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Taking stock of the Single Resolution Board: Banking union scrutiny

Summary:
The Single Resolution Board (SRB) has had a somewhat difficult start but has been able to learn and adapt, and has gained stature following its first bank resolution decisions in 2017-18. It must continue to build up its capabilities, even as the European Union’s banking union and its policy regime for unviable banks continue to develop. By: Nicolas Véron Date: April 18, 2019 Topic: European Macroeconomics & Governance This material was originally published in a paper provided at the request of the Committee on Economic and Monetary Affairs of the European Parliament and commissioned by the Directorate-General for Internal Policies of the Union and supervised by its Economic Governance Support Unit (EGOV). The opinions

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The Single Resolution Board (SRB) has had a somewhat difficult start but has been able to learn and adapt, and has gained stature following its first bank resolution decisions in 2017-18. It must continue to build up its capabilities, even as the European Union’s banking union and its policy regime for unviable banks continue to develop.

By: Date: April 18, 2019 Topic: European Macroeconomics & Governance

This material was originally published in a paper provided at the request of the Committee on Economic and Monetary Affairs of the European Parliament and commissioned by the Directorate-General for Internal Policies of the Union and supervised by its Economic Governance Support Unit (EGOV). The opinions expressed in this document are the sole responsibility of the authors and do not necessarily represent the official position of the European Parliament. The original paper is available on the European Parliament’s webpage (here). © European Union, 2019

The Single Resolution Board (SRB) was established as a key component of the European banking union initiated in mid-2012 at the height of the euro area crisis. It has had a somewhat delayed and difficult start, largely explained by competing objectives in the legislation that established it. But it has now plausibly passed many of its first few tests, and has displayed an encouraging propensity to learn and adapt. Further efforts are needed to reach a satisfactory steady state in the next few years, assuming no major crisis in the meantime. This study identifies three areas that might justify specific scrutiny:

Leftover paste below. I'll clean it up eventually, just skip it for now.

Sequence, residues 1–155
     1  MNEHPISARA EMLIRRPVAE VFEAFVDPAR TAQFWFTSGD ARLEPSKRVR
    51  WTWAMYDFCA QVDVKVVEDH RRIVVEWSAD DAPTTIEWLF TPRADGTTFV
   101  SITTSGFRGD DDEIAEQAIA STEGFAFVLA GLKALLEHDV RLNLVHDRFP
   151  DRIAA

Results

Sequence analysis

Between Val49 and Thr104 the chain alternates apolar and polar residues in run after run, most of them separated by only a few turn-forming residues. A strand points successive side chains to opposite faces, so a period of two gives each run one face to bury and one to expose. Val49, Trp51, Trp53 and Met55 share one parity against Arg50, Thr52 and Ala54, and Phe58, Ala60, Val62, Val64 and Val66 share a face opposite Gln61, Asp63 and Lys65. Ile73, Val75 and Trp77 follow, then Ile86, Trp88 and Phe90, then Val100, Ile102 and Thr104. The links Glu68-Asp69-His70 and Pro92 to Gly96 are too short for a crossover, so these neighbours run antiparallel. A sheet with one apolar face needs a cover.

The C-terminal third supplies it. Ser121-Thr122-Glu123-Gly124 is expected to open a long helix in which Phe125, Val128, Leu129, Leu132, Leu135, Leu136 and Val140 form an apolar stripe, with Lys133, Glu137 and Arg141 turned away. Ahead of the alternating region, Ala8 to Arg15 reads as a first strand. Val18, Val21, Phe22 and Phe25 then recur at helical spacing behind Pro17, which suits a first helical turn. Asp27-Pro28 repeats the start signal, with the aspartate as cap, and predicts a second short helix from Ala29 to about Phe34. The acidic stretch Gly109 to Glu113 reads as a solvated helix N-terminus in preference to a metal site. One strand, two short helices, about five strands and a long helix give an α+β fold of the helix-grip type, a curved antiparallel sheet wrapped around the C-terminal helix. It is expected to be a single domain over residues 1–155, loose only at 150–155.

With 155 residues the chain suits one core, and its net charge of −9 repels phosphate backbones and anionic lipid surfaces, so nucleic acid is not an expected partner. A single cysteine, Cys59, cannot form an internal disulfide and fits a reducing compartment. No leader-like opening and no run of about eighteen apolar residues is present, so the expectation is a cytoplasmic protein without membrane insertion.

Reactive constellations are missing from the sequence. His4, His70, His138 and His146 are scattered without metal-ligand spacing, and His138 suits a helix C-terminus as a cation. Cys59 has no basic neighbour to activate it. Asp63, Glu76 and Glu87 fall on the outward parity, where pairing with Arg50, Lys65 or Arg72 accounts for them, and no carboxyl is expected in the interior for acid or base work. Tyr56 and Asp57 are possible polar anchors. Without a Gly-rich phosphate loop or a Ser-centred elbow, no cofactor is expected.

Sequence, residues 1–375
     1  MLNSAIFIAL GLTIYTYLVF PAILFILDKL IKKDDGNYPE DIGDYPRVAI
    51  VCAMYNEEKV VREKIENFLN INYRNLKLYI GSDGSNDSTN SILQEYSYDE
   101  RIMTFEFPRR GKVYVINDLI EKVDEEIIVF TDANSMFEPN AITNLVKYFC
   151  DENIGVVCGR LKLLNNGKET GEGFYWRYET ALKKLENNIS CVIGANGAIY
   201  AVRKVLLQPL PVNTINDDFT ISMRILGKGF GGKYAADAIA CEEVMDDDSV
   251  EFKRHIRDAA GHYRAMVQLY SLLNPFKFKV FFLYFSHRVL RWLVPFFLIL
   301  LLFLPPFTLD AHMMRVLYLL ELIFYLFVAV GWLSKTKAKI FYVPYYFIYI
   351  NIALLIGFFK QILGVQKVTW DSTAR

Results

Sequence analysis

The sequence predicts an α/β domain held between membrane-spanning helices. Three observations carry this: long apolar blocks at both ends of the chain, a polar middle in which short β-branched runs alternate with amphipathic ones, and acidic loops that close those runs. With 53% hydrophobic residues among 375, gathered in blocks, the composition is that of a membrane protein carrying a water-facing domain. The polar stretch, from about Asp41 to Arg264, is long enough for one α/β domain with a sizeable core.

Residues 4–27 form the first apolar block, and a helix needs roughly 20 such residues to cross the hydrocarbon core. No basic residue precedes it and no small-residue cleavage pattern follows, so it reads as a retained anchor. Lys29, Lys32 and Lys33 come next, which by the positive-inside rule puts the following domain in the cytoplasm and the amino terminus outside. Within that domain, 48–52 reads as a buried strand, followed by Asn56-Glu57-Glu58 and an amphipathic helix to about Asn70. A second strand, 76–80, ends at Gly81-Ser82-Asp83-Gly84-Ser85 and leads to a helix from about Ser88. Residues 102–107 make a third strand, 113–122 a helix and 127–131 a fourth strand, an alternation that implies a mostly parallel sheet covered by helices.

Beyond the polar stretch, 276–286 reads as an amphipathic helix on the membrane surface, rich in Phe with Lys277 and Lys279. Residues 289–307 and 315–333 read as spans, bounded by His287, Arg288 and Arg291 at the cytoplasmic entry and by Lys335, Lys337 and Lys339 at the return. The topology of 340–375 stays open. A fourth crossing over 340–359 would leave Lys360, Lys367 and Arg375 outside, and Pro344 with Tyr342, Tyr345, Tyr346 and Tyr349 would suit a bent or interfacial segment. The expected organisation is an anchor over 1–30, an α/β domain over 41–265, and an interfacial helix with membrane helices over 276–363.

• First, and in accordance with its founding legislation, the SRB needs to build an autonomous ability to determine if a bank is failing or likely to fail, while avoiding unnecessary duplication of resources or processes with the Single Supervisory Mechanism. This might be supported as necessary by onsite inspections, which the SRB has the authority to conduct but for which it has not yet established its capability.
  • Second, the SRB should take a multi-dimensional approach to crisis preparedness, beyond pursuing its core task of resolution planning. In particular, it should ensure it will be able to concretely draw on the skills and experience needed when confronted with the highly challenging tasks that may come with a major crisis.
  • Third, and with a medium-term time horizon in mind, legislators should consider reforming the SRB’s governance framework so as to establish it further as an authoritative, operationally independent decision-making entity.
Nicolas Véron
Nicolas Véron is a senior fellow at Bruegel, and a visiting fellow at the Peterson Institute for International Economics in Washington, DC. His research is mostly about financial systems and financial reform around the world, including global financial regulatory initiatives and current developments in the European Union.

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